Last week I shared with you guys some snaps and experiences from our honeymoon stay at the Hotel San Cristobal in Baja, Mexico. Now, as promised, I’m back with a Todos Santos travel guide full of tips for making the most of your visit to this idyllic part of the world! Not a week goes by that I don’t get a request for ideas on where to eat, drink, and shop while in Todos Santos, so a while ago I put together a Google doc to make it easy to share my faves with the click of a link! But any travel guide is so much better when it’s accompanied by big, juicy, photos, isn’t it? So without further ado, here’s what to hit (and what to miss) when you head to Todos Santos!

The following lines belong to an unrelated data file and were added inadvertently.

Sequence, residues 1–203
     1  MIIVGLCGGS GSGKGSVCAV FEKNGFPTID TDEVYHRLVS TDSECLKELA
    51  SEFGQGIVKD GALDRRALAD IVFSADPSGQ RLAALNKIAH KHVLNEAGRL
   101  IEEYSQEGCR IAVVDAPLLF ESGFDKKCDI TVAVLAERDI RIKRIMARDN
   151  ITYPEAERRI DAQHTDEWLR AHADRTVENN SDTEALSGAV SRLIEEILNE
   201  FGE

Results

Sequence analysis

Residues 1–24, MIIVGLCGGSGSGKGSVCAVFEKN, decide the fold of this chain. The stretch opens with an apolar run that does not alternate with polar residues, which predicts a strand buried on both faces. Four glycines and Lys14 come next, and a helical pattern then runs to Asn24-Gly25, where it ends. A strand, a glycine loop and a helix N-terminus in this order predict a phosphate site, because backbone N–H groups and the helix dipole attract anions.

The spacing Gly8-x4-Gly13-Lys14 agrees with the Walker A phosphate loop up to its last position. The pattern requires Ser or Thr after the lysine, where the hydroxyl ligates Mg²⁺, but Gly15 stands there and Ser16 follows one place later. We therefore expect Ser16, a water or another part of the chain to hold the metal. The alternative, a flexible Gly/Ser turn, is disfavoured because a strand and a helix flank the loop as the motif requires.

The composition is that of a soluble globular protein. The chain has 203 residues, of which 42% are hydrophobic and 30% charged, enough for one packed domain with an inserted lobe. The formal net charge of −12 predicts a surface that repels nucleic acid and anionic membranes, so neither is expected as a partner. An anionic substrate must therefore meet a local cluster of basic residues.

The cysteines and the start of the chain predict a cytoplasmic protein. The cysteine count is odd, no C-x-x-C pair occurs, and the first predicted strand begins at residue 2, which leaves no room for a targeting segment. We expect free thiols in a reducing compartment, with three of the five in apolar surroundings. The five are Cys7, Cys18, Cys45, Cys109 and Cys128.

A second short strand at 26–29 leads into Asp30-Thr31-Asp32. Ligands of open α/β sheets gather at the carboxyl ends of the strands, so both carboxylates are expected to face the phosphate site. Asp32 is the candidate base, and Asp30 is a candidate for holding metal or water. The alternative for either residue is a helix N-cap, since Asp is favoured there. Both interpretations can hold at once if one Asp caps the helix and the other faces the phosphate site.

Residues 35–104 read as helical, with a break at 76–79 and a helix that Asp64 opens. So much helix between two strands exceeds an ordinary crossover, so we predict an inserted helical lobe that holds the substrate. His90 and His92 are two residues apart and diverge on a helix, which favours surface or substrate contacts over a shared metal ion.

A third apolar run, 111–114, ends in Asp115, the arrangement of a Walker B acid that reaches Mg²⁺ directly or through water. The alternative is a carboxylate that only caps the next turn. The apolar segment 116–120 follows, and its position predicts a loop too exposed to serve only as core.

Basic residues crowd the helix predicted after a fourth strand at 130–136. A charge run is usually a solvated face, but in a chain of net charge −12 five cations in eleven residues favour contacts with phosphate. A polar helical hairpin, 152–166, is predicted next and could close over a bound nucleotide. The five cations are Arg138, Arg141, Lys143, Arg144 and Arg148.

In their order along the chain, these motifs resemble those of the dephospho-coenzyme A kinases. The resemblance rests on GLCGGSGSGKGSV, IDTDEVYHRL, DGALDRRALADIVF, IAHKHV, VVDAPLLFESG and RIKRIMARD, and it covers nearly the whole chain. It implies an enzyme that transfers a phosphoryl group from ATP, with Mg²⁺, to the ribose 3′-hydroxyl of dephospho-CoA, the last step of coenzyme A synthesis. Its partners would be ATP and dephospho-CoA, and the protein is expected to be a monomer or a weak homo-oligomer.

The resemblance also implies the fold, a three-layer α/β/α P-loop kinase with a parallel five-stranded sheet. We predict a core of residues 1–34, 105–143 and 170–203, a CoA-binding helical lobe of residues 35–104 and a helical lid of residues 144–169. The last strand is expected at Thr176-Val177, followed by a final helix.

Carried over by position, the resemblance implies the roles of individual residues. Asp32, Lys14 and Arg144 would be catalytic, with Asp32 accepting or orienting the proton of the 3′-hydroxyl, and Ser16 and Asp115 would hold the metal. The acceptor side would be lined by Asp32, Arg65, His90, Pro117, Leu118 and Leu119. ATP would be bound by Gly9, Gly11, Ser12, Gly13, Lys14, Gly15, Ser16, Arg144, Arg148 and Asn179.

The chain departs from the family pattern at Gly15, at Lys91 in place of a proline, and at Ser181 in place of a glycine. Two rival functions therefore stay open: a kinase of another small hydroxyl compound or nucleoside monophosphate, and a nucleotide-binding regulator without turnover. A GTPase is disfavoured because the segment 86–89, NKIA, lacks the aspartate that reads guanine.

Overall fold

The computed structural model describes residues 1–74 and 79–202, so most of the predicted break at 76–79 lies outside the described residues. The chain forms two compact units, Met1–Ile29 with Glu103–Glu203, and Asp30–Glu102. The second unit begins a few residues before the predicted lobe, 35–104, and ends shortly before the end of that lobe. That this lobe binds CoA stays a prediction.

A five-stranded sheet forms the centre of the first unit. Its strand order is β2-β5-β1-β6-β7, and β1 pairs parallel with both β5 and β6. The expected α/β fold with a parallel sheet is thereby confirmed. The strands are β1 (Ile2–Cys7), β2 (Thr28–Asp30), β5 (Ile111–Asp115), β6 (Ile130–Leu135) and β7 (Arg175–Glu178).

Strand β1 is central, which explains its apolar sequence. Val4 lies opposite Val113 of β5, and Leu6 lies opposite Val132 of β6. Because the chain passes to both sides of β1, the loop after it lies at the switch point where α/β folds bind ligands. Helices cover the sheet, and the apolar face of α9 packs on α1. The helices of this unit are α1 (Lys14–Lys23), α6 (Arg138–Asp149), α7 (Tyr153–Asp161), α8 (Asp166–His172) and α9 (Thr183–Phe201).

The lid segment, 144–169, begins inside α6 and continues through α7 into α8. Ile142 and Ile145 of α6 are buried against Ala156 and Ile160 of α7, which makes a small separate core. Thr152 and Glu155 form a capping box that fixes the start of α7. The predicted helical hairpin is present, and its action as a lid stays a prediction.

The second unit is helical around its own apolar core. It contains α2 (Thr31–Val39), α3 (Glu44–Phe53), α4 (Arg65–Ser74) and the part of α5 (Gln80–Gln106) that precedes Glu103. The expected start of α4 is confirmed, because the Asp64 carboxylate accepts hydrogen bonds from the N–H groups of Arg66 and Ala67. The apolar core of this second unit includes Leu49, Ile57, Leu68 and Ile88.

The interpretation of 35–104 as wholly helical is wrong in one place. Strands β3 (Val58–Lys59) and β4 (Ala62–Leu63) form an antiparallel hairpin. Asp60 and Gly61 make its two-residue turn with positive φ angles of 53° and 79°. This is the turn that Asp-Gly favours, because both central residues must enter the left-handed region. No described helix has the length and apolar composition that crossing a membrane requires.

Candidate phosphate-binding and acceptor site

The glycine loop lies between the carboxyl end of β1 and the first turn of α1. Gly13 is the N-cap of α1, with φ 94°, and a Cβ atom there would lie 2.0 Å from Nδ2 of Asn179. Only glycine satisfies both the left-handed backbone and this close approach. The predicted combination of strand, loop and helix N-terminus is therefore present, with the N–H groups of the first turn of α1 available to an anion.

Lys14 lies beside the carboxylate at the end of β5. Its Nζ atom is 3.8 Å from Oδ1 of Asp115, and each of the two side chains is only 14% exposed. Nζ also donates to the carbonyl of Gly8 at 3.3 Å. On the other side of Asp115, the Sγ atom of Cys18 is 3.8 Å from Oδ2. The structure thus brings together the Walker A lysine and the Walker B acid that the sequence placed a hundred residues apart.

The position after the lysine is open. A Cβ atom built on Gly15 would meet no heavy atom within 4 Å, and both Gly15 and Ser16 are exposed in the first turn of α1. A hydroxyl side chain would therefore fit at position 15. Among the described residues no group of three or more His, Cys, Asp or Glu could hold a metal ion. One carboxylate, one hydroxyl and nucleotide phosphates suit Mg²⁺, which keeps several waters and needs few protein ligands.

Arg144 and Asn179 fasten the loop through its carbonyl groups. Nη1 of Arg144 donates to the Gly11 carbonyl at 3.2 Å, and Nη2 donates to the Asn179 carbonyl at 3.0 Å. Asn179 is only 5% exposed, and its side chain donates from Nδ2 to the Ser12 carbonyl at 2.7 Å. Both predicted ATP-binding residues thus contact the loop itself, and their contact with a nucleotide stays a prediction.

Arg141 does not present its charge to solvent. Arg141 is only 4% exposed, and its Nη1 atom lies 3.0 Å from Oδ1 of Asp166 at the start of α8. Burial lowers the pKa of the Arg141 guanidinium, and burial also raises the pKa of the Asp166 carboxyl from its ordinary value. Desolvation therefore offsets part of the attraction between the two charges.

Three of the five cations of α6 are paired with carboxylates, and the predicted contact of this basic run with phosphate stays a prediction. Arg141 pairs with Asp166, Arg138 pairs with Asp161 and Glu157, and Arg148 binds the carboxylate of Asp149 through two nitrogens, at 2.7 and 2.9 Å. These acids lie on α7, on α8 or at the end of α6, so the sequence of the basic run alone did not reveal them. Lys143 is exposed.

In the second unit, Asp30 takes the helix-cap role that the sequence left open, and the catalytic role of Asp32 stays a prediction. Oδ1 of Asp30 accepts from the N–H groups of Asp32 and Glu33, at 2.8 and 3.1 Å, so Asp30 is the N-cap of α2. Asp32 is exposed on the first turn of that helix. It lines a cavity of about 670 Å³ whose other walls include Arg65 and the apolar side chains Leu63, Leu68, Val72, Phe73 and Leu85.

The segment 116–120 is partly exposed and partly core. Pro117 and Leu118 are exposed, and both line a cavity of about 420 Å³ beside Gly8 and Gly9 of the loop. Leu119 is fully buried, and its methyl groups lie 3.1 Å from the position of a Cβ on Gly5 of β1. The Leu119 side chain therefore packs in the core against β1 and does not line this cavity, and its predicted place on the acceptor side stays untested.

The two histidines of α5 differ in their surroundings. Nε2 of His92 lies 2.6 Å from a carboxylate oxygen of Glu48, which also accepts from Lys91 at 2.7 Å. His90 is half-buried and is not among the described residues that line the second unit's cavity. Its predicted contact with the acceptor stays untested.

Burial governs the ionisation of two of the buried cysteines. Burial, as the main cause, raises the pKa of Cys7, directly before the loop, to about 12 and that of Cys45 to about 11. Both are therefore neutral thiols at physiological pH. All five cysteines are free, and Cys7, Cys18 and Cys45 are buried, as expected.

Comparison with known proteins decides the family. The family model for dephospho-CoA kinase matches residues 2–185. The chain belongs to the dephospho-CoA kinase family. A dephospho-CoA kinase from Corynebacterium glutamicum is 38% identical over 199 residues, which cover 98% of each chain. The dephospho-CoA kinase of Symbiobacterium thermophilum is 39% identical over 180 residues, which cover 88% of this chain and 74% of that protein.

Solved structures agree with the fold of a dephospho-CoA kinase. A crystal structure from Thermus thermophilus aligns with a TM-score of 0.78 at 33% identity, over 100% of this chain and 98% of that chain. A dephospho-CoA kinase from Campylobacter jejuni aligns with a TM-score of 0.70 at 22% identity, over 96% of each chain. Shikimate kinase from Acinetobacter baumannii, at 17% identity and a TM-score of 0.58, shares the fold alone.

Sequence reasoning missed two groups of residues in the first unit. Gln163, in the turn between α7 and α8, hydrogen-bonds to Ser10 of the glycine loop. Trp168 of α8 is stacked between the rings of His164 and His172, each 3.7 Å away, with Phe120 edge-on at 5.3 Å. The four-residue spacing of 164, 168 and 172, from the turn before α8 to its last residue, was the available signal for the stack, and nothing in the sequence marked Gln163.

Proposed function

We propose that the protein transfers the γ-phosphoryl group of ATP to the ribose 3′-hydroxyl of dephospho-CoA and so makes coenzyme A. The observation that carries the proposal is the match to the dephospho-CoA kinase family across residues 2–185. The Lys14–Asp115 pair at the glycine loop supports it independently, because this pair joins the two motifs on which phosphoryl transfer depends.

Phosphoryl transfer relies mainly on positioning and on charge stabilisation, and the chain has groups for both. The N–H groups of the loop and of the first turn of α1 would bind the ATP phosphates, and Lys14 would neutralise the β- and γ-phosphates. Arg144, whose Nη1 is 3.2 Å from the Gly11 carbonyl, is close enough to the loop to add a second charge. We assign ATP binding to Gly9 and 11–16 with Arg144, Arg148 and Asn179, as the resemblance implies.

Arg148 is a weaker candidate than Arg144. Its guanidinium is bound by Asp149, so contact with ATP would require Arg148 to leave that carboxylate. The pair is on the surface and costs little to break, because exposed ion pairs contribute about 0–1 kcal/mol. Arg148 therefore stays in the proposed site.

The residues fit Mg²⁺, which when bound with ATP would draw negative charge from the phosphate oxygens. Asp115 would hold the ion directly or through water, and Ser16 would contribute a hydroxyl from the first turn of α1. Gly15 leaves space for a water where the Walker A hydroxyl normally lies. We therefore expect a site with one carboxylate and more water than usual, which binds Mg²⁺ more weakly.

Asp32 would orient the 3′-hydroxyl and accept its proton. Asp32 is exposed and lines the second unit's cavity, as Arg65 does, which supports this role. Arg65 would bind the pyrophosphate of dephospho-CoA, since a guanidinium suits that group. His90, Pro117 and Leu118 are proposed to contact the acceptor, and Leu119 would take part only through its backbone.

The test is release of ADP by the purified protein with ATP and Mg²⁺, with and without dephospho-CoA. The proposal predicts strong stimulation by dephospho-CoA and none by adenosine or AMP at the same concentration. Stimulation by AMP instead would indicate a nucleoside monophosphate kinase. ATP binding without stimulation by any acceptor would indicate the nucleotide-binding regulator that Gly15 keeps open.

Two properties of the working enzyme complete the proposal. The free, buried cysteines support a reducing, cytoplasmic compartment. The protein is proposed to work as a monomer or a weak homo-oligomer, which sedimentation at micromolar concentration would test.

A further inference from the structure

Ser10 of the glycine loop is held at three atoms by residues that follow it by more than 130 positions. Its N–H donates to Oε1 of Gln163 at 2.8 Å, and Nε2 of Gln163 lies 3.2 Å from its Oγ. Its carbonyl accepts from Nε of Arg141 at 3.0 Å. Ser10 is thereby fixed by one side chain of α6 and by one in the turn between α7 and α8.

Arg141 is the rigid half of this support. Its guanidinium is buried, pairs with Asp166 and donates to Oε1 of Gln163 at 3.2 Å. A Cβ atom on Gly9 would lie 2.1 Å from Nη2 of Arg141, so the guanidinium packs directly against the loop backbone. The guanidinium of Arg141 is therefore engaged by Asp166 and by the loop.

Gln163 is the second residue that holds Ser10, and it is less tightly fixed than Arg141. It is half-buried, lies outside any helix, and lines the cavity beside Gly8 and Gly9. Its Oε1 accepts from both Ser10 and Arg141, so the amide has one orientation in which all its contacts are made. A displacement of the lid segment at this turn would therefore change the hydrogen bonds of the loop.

One thing we learned very quickly: Yelp reviews are not the most reliable resource for ensuring you get a good meal in Todos Santos. We tried a few restaurants that received four stars on Yelp only to find that they catered largely to tourists whose valued ‘cheap and fast’ over ‘flavorful and authentic’. On the other hand, our top dining experiences came from asking locals where they like to eat. So don’t be shy about chatting with hotel proprietors, shop owners, and anyone else you can communicate with about where to find the best food! Oh, and another thing to note is that each cafe and shop has its own unique days of the week that it might be closed, so check online or keep your eyes peeled for posted hours before getting your heart set on a particular spot.